It may have taken a couple months, but BMW is ready to ring in the new decade with a new logo.
For the first time in more than two decades, the German automaker has given its iconic roundel logo a makeover. The new logo, which made its debut alongside the Concept i4 electric sedan earlier this week, ditches the color black along with the 3-D shading of its predecessor, instead embracing a flatter, more spare aesthetic.
This marks the first time that BMW has changed in logo in more than two decades—since 1997, to be exact—and is only the sixth badge the company has used during its 103-year history. And while the differences may not look that major to the untrained eye, it’s clear that they are weighed with significance for the brand. So much so, that the automaker followed up the logo’s debut with the release of a lengthy explainer covering its meaning and history.
In the document, BMW executive Jens Thiemer revealed that the logo, which will be used across all the brand’s internal and external communication, is meant to “radiate more openness and clarity.” He went on to explain that BMW hopes its new transparent logo would “invite our customers more than ever to become part of the BMW world.”
(Another revelation: The blue and white at the center of the design do not represent an spinning airplane propeller, as has long been thought, but are instead the colors of the Bavarian state where the brand is based.)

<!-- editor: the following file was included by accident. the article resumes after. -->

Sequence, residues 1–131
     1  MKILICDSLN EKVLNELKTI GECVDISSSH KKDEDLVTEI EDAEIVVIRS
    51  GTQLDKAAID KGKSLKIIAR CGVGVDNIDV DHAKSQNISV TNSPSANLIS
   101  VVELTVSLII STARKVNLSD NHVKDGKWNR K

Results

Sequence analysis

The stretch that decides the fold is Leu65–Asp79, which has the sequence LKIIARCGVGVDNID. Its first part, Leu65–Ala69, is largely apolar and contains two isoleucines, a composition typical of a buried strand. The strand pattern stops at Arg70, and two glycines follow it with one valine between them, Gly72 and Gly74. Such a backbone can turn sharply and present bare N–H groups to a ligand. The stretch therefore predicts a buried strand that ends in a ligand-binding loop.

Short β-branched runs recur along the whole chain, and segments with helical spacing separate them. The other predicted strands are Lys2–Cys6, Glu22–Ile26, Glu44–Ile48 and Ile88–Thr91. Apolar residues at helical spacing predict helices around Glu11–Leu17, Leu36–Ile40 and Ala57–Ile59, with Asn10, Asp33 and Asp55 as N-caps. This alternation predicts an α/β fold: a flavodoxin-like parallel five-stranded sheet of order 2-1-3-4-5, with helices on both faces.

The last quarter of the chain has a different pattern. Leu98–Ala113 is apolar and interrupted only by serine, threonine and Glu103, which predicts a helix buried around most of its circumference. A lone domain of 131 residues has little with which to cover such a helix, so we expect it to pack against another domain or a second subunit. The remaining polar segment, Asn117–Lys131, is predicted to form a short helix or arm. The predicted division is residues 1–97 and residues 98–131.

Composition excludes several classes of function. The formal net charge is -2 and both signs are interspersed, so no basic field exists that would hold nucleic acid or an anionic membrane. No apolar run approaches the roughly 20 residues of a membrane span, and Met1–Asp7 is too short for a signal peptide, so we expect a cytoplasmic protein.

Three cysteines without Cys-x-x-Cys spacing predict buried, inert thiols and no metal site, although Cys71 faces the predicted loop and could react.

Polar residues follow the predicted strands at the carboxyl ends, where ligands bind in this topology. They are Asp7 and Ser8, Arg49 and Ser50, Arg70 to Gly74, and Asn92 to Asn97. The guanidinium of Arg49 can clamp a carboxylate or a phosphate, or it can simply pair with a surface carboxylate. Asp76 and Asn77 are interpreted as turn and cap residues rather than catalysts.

But while the logo made its debut on the hood of the Concept i4, don’t expect it to appear on any other cars. In fact, a spokesperson for the automaker told CNN that there are “no plans” for the badge to appear on production vehicles in the near or distant future. So, when the company says the logo is for communication and branding, they appear to mean it.
In the document explaining the reasoning behind the new logo, Thiemer also revealed a new identity for the automaker, saying that, “BMW is becoming a relationship brand.” He went on to explain that the brand intends to be more open and transparent going forward in an attempt to woo a younger, digitally native audience.
So, how how have industry observers responded? So far, the media reaction has been mixed: Car and Driver “really like” the new look, while Road & Track seemed a tad skeptical. The Verge, on the other hand, hates it, describing the transparent logo as “everything that’s wrong with modern logo design.”